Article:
Michaela Melin has cut a curious path in her three decades of music-making. She's a member of F.S.K., an '80s German new wave band that has not only emulated the country stylings of the Mekons, but also delved into techno, going so far as to have Detroit don Anthony "Shake" Shakir produce their 2004 album. Naturally, that idiosyncratic streak also applies to Melin's solo work. Her first solo album, named for a spa town in the foothills of the Black Mountains, is a carefully crafted yet unhurried affair. Taking cues from Cluster and Kompakt's "ambient pop," Melin uses primitive drum machine tocks and bell-like tones to build up a head of steam. The crystalline chimes of "Brautlied" waft like snowflakes across the aural landscape, an unadorned beat nudges along the chord organ hiccups and harp plucks on "Verkehr," both showcasing her careful pacing and expert way of making everything cohere. But Melin's sense of restraint is best exemplified near album's end: on the title track, a slow martial kick couples with multiple piano lines, while closing cover of Roxy Music's "Song for Europe" highlights Melin's Nico-like drawl over strummed acoustic guitar.
For a decade, Gabor Schablitzki worked in conjunction with partner Sren Bodner as Wighnomy Brothers, making some of the finest, wiggliest minimal techno of the past decade. But slowly, Gabor's work as Robag Wruhme began to eclipse the Bros. productions. His first album, Wuzzelbud "K.K." was about as close as any producer has come to the electronic pop madness of prime Aphex Twin, with healthy dashes of robo-dancehall thrown in for greater confusion. It took seven years for Wruhme to follow it up with Thora Vukk, with several high-profile mix CDs for labels like Kompakt appearing in the interim. Those intervening years found the man to be even more meticulous in his craft. Swiftly moving dance tracks slowly slide into low-key ambient miniatures, Wruhme straddling the two and giving both room to shine. For "Tulpa Ovi," piano and brushed drums dovetail with a gurgling beat as well as a field recording of kids in a classroom, while "Bommsen Bff" starts with a rubberbanding bass before precise hi-hats and almost insect-like chirps skitter across. On the title track, the random clang of bells slowly coheres over a shimmering keyboard wash and beat that gets whetted as the track progresses. Buried somewhere in the background is an electronic gurgle that sounds like a dial-up tone, reminding one of just how far we've all come in seven years.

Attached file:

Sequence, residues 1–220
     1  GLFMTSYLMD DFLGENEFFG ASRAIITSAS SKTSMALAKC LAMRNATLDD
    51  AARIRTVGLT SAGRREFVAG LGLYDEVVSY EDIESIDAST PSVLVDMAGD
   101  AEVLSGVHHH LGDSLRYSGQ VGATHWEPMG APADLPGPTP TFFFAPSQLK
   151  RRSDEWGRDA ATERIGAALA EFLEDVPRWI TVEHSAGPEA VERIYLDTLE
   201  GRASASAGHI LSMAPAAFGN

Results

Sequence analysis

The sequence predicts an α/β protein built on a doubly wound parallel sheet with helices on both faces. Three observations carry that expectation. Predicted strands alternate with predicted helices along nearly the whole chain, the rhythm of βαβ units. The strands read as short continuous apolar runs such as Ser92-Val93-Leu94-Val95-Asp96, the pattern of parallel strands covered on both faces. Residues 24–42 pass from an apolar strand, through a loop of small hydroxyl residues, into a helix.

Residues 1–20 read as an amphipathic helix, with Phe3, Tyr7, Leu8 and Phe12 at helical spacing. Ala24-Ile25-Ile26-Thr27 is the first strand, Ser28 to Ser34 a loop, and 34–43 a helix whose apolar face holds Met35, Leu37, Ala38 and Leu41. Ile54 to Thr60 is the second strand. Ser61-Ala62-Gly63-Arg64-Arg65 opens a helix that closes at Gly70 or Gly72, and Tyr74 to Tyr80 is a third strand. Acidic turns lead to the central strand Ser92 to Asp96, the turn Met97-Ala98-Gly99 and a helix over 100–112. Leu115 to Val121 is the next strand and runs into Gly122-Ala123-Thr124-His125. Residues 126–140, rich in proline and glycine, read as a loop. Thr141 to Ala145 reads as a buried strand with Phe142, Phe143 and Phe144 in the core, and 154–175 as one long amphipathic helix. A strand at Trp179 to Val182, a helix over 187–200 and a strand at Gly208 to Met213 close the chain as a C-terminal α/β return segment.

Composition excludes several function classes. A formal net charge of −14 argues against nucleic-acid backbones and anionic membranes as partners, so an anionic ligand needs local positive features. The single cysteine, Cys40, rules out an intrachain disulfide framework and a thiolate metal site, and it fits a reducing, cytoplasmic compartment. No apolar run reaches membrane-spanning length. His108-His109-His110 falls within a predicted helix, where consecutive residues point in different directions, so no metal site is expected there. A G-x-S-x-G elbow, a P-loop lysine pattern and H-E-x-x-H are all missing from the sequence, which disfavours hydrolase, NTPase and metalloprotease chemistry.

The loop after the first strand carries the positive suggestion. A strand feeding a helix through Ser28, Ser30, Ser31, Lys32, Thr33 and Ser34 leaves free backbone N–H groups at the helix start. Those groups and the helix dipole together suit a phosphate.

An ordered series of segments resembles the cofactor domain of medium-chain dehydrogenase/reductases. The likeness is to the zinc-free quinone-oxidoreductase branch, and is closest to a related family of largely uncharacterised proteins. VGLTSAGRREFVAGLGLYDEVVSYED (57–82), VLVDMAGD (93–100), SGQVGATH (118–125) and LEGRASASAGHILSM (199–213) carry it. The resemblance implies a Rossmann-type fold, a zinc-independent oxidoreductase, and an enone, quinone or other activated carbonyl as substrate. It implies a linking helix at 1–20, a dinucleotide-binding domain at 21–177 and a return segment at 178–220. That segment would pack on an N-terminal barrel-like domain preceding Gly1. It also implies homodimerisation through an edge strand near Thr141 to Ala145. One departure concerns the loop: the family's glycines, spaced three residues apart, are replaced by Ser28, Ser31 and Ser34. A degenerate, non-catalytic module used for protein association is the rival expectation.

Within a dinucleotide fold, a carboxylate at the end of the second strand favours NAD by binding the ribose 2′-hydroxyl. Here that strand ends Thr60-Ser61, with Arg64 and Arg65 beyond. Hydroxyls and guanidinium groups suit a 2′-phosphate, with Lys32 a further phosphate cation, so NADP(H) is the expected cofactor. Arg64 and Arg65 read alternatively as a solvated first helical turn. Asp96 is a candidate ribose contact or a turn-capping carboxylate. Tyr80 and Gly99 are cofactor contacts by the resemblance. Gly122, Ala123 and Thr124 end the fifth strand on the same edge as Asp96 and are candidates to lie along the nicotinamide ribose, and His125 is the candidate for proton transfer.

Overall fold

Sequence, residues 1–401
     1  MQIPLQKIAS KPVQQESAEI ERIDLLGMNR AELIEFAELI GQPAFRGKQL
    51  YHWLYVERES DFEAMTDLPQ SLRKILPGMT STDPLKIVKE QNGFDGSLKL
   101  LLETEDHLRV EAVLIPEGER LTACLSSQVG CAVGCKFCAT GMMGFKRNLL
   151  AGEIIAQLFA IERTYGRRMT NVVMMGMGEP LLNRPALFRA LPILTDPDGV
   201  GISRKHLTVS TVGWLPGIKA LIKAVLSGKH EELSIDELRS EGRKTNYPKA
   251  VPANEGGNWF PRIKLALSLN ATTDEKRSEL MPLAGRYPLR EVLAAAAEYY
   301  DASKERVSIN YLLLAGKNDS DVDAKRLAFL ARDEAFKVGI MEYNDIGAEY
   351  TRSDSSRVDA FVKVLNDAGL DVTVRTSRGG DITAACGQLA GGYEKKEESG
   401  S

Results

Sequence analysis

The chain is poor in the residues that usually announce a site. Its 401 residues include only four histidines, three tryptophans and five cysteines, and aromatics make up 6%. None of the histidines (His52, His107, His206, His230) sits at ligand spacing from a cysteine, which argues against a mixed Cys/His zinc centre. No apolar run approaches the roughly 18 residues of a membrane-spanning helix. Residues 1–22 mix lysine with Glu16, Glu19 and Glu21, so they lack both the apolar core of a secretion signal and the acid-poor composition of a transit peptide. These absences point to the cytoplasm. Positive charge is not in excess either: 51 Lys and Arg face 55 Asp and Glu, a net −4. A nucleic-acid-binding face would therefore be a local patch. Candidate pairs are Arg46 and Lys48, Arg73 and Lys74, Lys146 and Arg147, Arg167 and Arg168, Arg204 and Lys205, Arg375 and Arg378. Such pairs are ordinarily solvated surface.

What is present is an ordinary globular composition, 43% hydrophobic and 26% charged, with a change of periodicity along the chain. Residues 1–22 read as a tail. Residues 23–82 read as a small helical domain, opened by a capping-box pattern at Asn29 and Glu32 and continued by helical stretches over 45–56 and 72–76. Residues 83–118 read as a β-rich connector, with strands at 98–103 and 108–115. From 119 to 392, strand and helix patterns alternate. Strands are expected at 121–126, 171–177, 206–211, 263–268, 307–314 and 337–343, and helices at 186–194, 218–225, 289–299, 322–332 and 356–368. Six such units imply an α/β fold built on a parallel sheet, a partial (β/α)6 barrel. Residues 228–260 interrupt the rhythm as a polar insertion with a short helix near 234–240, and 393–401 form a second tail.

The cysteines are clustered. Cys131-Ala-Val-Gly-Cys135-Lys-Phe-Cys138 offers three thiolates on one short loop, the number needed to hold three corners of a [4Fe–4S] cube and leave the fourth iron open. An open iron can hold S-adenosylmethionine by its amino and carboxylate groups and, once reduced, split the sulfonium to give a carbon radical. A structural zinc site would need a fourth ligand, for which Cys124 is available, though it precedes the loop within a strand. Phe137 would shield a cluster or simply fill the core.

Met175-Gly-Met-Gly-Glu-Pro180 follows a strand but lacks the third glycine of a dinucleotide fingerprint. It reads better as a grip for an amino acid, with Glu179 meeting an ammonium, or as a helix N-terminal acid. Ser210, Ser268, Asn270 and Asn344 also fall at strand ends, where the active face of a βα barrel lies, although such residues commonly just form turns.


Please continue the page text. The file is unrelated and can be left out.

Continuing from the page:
Over the course of three full-lengths (beginning with 2001's Fahrenheit Fair Enough), the Chicago-by-way-of-Louisiana duo Telefon Tel Aviv offered a blissed-out, highly cinematic take on electronica far afield of what was happening in other U.S. metropolises and in Europe. Their first two albums were expert blends of glitchiness and vocal R&B, and their sumptuous remixes (for everyone from jazz figureheads like Oliver Nelson and Phil Ranelin to Apparat himself) were finally collected in 2007. But with 2009's Immolate Yourself, producers Charlie Cooper and Josh Eustis had elevated to the next level. The textures and layers were finessed yet intuited, the waning last seconds of "The Birds" as thrilling as its mid-song culmination. "Helen of Troy" embraces its '80s-ness but soars above such trappings, with the vocals dark and forlorn no matter how bright the surrounding layers got. Their profile would no doubt be raised with such a release. Only, Cooper was found dead from an accidental mixture of sleeping pills and alcohol scant days before the release of the album stateside. Eustis will no doubt carry on the TTA banner, but he also collaborated closely with Ring on The Devil's Walk, giving the proceedings that extra bit of electronic and emotional heft.